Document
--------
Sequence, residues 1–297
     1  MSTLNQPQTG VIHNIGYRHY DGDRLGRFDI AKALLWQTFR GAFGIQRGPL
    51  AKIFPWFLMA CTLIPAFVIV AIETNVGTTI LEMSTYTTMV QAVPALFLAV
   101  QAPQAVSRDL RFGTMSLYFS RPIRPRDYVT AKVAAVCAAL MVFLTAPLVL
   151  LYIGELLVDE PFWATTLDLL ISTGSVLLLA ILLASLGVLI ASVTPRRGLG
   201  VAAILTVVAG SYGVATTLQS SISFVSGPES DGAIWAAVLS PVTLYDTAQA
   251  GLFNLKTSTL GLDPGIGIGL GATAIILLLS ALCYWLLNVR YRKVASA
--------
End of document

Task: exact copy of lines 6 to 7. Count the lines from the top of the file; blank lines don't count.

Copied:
   201  VAAILTVVAG SYGVATTLQS SISFVSGPES DGAIWAAVLS PVTLYDTAQA
   251  GLFNLKTSTL GLDPGIGIGL GATAIILLLS ALCYWLLNVR YRKVASA